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By Brenda Clark, CHRE

Among HR’s many roles, human resources professionals are responsible for ensuring their organizations comply with labour and employment law.

Keeping the employer informed of their legislative requirements and making sure employees are afforded at least the minimum requirements set out in employment legislation and common law.

Consequently, a broad knowledge of employment law is a necessity for effective HR practice.

As we all know, this is not an easy feat and, unfortunately, we don’t always get it right. Last summer, HRPA interviewed 50 Ontario employment lawyers on where HR professionals make mistakes in matters of employment and workplace law. Using a critical incident approach, HRPA asked the lawyers for instances in which an organization’s HR staff made an employment or workplace law error that had some kind of negative consequence. From the 228 total incidents, a list of the top 10 most common mistakes was derived (see the top 10 list on the following page).

Employment law errors have serious repercussions for both employer and employees. For example, failure to properly pay vacation or overtime can result in court costs; there can be significant fines and the embarrassment of having the organization’s name published on the Ministry of Labour website. And failure to provide the appropriate accommodation for an employee with a mental health issue could cause the person’s condition to worsen.
SUBHEAD: HRPA jurisprudence exams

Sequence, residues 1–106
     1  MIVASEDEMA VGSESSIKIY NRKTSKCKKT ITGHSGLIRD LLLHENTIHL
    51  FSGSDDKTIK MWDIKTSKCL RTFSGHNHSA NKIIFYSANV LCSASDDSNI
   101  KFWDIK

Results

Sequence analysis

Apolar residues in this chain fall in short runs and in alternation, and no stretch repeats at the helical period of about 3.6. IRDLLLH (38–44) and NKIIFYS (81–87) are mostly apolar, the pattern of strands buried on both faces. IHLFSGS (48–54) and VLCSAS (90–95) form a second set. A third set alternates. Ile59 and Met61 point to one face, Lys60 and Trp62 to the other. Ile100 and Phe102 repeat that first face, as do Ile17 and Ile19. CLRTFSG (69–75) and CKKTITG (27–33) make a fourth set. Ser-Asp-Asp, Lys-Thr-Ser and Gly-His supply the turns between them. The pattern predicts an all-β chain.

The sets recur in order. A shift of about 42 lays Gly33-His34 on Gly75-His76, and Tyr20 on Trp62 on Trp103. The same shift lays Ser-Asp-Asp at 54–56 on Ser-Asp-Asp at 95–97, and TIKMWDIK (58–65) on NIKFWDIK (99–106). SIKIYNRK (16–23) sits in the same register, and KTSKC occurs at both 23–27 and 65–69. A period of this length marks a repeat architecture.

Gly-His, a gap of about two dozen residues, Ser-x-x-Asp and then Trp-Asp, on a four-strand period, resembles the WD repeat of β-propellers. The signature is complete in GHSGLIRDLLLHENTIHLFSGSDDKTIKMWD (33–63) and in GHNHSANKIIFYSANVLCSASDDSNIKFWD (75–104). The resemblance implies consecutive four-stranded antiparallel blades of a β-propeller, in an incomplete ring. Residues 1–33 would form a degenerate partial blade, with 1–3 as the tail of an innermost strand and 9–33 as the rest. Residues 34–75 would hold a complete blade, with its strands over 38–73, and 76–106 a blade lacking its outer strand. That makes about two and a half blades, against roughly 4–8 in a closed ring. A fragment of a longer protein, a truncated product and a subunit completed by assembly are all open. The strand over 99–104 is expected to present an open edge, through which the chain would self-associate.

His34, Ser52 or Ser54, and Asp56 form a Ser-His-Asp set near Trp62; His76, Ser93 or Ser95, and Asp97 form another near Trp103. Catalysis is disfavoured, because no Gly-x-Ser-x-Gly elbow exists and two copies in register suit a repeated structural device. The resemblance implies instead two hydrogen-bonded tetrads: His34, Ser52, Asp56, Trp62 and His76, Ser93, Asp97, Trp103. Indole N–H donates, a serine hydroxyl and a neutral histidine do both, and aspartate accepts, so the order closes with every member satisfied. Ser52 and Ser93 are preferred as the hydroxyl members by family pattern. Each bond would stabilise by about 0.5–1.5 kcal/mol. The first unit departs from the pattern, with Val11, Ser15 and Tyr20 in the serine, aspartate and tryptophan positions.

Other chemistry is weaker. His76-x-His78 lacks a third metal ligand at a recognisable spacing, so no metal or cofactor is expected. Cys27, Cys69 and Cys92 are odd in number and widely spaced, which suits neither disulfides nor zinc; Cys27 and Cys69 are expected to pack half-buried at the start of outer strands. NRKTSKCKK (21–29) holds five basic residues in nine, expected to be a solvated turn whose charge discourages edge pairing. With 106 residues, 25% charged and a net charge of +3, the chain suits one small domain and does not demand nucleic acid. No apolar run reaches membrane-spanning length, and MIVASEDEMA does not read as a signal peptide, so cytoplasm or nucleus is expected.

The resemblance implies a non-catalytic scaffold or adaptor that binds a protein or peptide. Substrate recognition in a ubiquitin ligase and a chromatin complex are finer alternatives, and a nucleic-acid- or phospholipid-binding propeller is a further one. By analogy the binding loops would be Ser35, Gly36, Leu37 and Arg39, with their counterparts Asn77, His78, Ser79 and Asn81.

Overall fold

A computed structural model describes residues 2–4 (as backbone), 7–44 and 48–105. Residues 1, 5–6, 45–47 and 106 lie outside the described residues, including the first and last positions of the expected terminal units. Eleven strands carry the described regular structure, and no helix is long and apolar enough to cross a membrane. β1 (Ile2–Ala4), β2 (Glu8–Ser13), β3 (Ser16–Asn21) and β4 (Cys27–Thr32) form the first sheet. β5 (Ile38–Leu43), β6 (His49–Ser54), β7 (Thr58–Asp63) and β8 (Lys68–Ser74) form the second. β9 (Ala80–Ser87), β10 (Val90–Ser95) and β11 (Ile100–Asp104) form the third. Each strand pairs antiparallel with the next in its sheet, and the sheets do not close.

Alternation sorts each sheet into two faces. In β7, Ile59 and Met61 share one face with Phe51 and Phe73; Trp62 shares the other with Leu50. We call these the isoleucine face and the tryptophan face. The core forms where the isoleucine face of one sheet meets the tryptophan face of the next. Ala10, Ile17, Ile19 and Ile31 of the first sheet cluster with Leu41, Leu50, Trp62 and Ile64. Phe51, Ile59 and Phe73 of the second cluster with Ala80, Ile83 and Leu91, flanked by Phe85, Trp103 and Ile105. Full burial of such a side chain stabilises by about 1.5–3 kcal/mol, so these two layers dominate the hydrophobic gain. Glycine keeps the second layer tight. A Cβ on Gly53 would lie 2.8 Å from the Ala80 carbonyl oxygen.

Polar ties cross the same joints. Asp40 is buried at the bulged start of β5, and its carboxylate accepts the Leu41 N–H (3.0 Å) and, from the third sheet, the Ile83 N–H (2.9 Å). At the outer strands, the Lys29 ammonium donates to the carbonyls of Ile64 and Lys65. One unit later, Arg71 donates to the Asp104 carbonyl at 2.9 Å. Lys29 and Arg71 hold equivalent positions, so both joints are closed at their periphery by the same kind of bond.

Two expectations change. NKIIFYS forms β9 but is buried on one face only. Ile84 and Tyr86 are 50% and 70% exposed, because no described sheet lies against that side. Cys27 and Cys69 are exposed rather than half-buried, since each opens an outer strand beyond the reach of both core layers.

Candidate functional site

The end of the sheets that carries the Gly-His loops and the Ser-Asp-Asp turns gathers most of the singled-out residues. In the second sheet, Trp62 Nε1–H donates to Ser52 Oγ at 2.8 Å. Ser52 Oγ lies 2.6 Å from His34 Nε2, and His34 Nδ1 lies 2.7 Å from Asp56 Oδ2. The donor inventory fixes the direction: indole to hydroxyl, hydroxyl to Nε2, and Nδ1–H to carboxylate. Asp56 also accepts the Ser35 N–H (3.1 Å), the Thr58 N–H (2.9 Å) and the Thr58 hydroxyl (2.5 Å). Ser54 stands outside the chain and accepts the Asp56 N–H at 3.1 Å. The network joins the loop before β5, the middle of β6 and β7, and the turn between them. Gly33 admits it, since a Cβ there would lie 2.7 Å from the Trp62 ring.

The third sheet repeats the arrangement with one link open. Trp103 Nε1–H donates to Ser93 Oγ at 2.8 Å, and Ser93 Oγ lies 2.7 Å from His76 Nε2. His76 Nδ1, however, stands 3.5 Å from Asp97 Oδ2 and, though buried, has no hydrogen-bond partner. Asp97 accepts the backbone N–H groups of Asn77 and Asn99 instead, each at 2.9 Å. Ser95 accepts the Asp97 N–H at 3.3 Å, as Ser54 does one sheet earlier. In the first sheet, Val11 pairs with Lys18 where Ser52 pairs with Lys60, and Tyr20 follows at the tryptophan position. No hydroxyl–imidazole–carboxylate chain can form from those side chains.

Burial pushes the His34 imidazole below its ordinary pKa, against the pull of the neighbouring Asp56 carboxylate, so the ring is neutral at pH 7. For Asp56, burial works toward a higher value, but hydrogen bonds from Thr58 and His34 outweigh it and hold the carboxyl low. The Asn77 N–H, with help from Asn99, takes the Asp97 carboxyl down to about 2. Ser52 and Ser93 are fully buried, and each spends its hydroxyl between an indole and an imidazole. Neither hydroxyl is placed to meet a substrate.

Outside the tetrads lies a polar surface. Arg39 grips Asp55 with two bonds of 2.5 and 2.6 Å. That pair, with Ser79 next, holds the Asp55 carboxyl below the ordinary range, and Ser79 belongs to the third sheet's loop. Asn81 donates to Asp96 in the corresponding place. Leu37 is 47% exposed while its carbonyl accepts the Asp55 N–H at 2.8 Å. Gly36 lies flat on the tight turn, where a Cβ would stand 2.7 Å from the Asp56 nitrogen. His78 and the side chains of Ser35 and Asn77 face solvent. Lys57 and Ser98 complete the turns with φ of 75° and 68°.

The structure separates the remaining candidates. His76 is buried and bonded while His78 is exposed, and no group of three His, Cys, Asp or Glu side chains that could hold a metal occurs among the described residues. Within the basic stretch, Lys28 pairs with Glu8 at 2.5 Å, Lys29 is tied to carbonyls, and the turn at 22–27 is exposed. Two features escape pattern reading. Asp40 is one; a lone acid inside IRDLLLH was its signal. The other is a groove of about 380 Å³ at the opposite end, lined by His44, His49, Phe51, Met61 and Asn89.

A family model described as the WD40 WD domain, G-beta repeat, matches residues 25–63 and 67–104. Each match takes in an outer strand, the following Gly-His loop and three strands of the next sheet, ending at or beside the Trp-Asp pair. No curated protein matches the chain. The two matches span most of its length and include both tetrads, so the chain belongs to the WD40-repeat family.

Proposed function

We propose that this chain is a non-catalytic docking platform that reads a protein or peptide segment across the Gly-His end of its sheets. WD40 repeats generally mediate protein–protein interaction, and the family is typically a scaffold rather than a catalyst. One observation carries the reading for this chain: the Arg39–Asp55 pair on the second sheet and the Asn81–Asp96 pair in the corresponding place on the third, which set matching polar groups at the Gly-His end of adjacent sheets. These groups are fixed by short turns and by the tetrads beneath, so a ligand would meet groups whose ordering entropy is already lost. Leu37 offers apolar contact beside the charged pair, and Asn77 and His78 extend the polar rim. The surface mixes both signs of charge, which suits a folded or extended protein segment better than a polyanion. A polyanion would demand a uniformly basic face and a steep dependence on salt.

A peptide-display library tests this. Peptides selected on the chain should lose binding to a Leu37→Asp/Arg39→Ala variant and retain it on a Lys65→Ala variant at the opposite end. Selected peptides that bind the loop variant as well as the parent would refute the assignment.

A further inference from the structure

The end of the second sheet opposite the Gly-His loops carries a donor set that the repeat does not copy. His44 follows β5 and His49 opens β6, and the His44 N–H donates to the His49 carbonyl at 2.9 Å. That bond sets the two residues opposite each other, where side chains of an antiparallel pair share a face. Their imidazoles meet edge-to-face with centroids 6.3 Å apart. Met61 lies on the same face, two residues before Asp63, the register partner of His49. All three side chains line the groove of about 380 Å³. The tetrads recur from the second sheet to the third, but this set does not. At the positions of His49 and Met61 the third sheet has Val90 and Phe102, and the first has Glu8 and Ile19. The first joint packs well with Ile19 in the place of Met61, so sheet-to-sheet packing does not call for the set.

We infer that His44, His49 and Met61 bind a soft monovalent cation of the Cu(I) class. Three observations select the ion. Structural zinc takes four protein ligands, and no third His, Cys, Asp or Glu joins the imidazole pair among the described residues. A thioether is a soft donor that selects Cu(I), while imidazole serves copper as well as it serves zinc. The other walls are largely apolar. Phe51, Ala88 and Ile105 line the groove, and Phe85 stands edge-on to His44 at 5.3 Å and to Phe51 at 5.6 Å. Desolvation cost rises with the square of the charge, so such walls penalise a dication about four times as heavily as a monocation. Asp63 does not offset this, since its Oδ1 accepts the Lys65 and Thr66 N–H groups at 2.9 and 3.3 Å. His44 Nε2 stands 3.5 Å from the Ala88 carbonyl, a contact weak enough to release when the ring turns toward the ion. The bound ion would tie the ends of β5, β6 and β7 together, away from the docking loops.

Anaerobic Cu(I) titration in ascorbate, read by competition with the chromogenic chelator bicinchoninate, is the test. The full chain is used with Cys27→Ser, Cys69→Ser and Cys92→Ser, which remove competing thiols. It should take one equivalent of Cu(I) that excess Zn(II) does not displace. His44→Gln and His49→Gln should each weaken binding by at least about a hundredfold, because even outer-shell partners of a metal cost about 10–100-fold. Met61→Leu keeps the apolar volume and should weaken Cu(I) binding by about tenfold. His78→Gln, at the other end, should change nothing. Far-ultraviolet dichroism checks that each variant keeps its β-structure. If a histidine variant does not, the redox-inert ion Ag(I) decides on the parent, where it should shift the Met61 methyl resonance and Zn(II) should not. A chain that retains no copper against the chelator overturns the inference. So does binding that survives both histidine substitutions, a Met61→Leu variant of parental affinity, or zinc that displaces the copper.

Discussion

As you can see, there’s much at stake when employment law errors are made. With the passage of the Registered Human Resources Professionals Act, 2013, the Human Resources Professionals Association (HRPA) has a higher duty of care and will do what is necessary to ensure that its members are competent – including the proper application of employment law.

This is one of the key reasons why HRPA is adding jurisprudence exams to its CHRP and CHRL designation requirements starting in Fall 2016. The exams (Jurisprudence 1 for CHRPs and Jurisprudence 2 for CHRLs) test the ability to correctly apply knowledge of employment and workplace law to situations calling for such application. The 80-question exams, which will eventually be administered online, will be a multiple-choice, scenario item format with only one correct answer.

Amazingly, up to now, HR law knowledge has never been part of the certification process at HRPA or any other Canadian HR association. A big part of that omission was because the CHRP was a national designation and employment legislation is created by the provinces (apart from federally regulated industries). However, with the proper application of employment law so vital to HR practice, it just made sense for HRPA to start testing applied knowledge in this area.
Testing and certifying employment law knowledge will not only help to build a stronger and more capable HR profession (not to mention reducing the risks and costs of HR law errors for organizations), but it will go far to meeting HRPA’s new regulatory mandate of protecting the public – safeguarding Ontario workers from wrongly applied employment law.

Brenda Clark, CHRE, is the chair of the Board of Directors for the Human Resources Professionals Association (HRPA).

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